Guide to National Primary & Secondary Drinking Water Regulations
Table of Contents
- 1 Safe Drinking Water Act (SDWA)
- 2 National Primary Drinking Water Standards (Legally Enforceable)
- 3 Secondary Standards (Aesthetic)
- 4 Local Water Regulations
- 5 Concluding Thoughts
The United States EPA (environmental protection agency) has made a lot of progress in improving drinking water quality and enforcing standards that local facilities and businesses have to adhere to.
These standards are based on research that shows the possible adverse health effects from large amounts of certain contaminants.
In this guide, we will review the basic standards that the government requires treatment plants and other facilities to adhere to for the public water.
Keep in mind that these are just the basic government standards and often additional filtration after receiving water from a treatment plant may be needed for the most optimal water quality.
Safe Drinking Water Act (SDWA)
The main law that governs drinking water safety in the United States is the SDWA.
The SDWA requires the US Environmental Protection Agency to enforce primary national drinking water standards that are necessary to protect the public health in public water systems.
This law also allows the delegation of primary enforcement responsibility to states that adopt drinking water rules that are at least as strict as the national regulations.
This means that as long as states meet the minimum national regulations, they can enforce their own rules.
National Primary Drinking Water Standards (Legally Enforceable)
The national primary drinking water standards are the basic legally enforceable standards that all plants must adhere to.
These standards protect drinking water quality by limiting the amount of specific contaminants that are known to adversely affect human health.
Below are the contaminant levels that this standard enforces.
MCL or Maximum Contaminants Level
The main level that water quality must stay below is called the Maximum Contaminants Level or MCL.
The Maximum Contaminant Level is the maximum amount of the regulated contaminant which is legally allowed to transport to the consumer’s tap water.
MCLs are enforced at public water systems and penalties are defined in the Safe Drinking Water Act if the levels are not kept in check.
MCLG or Maximum Contaminant Level Goals
Besides specifying the MCLs the USEPA also sets a Maximum Contaminant Level Goal or MCLG.
The MCLG is not legally enforceable but it sets a limit to where no known adverse effects on the health of people occur and which allows an adequate margin of safety.
The legally enforceable MCL is set as close as possible to the MCLG (since ideally if the water meets the goal criteria it would be even better) taking into consideration the costs and treatment technologies available to public water systems.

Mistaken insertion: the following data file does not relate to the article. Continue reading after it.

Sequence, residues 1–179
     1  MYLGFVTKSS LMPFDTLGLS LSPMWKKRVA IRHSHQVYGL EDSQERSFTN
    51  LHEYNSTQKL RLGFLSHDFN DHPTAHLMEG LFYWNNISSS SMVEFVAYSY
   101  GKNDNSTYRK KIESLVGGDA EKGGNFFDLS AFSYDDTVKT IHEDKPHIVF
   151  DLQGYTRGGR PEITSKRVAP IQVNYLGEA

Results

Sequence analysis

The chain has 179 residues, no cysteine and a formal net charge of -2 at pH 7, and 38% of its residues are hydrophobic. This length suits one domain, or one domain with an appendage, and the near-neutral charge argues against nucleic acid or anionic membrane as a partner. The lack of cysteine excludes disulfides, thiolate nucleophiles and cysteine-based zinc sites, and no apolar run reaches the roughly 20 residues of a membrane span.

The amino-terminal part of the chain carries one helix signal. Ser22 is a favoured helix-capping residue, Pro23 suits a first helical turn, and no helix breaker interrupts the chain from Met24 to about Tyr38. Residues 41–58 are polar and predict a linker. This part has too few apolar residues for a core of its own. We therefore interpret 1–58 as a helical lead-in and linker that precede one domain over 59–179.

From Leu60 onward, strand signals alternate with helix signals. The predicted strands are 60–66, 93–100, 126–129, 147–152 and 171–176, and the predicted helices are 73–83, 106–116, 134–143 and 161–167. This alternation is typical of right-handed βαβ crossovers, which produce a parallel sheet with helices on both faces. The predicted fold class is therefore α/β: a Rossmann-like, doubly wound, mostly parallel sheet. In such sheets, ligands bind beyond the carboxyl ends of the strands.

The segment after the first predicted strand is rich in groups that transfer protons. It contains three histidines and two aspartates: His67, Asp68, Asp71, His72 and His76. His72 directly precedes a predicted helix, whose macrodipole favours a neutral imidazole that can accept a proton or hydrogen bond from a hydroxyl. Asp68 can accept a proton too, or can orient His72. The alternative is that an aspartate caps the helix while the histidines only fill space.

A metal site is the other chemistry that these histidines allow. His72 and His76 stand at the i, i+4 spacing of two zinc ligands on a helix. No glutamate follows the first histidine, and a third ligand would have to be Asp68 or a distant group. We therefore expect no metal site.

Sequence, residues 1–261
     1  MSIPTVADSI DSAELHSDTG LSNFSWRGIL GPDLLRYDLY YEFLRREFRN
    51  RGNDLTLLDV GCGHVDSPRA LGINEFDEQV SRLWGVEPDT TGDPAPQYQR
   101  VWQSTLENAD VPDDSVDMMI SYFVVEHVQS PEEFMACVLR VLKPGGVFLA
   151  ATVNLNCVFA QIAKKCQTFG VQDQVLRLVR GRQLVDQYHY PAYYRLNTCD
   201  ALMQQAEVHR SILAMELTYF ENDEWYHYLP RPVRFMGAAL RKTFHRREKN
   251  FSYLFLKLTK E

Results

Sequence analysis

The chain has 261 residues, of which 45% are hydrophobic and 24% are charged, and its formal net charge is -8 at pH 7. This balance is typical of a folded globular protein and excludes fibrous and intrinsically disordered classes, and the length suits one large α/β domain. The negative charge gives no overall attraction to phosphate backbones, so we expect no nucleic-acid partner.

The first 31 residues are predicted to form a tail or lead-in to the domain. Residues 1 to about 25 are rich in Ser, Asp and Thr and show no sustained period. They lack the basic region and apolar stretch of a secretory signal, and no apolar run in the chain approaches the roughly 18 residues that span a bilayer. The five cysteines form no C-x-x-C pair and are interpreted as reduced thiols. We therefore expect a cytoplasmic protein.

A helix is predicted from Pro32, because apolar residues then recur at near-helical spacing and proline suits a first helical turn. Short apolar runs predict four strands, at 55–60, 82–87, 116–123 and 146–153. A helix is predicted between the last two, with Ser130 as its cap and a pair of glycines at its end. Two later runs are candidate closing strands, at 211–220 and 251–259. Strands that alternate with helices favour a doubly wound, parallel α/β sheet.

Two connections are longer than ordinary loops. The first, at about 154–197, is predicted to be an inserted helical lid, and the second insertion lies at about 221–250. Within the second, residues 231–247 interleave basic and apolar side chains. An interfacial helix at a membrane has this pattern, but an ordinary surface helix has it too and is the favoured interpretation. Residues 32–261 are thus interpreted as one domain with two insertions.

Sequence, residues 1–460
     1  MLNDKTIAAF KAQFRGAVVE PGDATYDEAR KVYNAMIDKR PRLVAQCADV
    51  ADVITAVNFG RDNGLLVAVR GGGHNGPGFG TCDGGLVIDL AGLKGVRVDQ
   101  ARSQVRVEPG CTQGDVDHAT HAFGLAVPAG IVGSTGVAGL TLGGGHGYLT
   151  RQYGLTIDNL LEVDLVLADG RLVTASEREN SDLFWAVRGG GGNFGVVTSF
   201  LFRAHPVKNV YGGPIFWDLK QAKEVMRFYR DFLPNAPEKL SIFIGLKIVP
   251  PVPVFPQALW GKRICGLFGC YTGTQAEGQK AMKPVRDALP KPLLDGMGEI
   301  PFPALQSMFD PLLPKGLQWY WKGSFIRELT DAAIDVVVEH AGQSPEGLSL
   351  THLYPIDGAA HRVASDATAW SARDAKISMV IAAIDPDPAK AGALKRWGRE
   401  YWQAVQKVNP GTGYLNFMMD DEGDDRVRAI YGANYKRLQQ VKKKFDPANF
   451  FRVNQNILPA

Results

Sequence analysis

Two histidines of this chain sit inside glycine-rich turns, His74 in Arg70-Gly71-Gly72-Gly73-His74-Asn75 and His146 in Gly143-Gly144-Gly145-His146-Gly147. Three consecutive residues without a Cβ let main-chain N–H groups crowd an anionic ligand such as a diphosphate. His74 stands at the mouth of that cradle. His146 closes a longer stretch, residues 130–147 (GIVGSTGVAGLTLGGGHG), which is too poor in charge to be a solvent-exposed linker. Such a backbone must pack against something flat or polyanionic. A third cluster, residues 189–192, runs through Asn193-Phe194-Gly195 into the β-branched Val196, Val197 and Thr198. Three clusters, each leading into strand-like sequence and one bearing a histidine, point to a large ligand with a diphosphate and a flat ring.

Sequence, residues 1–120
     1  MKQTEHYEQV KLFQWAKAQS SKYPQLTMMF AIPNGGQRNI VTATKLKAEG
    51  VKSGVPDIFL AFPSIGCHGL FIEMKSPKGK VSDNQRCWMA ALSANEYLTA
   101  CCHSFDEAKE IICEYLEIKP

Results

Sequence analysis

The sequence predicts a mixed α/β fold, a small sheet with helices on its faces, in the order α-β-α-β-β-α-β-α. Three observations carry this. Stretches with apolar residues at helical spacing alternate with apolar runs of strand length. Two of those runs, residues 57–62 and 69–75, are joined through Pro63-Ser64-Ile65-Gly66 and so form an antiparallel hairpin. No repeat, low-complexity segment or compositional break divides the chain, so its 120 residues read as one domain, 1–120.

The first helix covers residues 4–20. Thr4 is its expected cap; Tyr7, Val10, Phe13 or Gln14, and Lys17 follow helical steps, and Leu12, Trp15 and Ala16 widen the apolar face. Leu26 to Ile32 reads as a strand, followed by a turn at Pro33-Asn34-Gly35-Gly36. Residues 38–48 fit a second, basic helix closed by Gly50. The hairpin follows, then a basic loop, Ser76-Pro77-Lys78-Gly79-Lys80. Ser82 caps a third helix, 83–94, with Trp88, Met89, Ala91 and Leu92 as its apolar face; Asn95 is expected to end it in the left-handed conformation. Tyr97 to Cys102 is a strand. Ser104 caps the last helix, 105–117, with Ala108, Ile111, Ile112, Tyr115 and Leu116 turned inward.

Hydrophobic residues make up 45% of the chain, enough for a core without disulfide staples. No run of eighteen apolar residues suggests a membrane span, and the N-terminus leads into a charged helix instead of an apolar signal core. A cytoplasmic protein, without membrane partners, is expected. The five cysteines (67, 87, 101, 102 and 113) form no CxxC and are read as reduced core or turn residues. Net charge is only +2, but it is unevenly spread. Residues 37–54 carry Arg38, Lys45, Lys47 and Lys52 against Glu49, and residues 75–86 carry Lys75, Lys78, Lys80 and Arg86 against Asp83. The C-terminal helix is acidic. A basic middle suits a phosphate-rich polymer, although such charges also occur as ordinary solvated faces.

The bottom line is the MCL is the legally enforceable maximum level for regulated contaminants to keep people healthy and the MCLG is the most optimal level that causes zero harm to humans which it’s best to shoot for.
Primary Drinking Water Regulations MCL and MCLG Table
Below is the table for disinfection byproducts from the EPA to give you an example of the maximum allowed contaminant in the water supply.
To see all the tables and allowable contaminants from the EPA, click here.
|Contaminant||MCLG (mg/L)||MCL or TT (mg/L)|
Secondary Standards (Aesthetic)
The USEPA also issues secondary standards which are just for aesthetic, cosmetic, taste, odor, and color issues with the water supply.
These regulations are not enforceable by the federal government and intended to be used as guidelines that the states should meet anyway.
You can learn more about the secondary standards at the EPA page here.
Local Water Regulations
Lastly, depending on where you live there may be different maximum contaminant levels based on your local government.
Remember that as long as the states meet the primary drinking water regulations for contaminants they can set their own rules after.
To find out about your local drinking water regulations search for your local water treatment plant and look for their regulatory rules.
Now you have a better idea of the main drinking water regulations in the United States and what levels of contaminants are allowed in the tap water.
The Safe Drinking Water Act of 1974 was a big step forward in ensuring that all people have access to clean drinking water but you should still keep in mind that the treatment facilities are only regulated on the maximum contaminant level standard and they often do not meet the highest quality standards.
In order to ensure your tap water meets the maximum contaminant level goal or better and your water is as pure and healthy as possible it often makes sense to invest in a home water filtration system.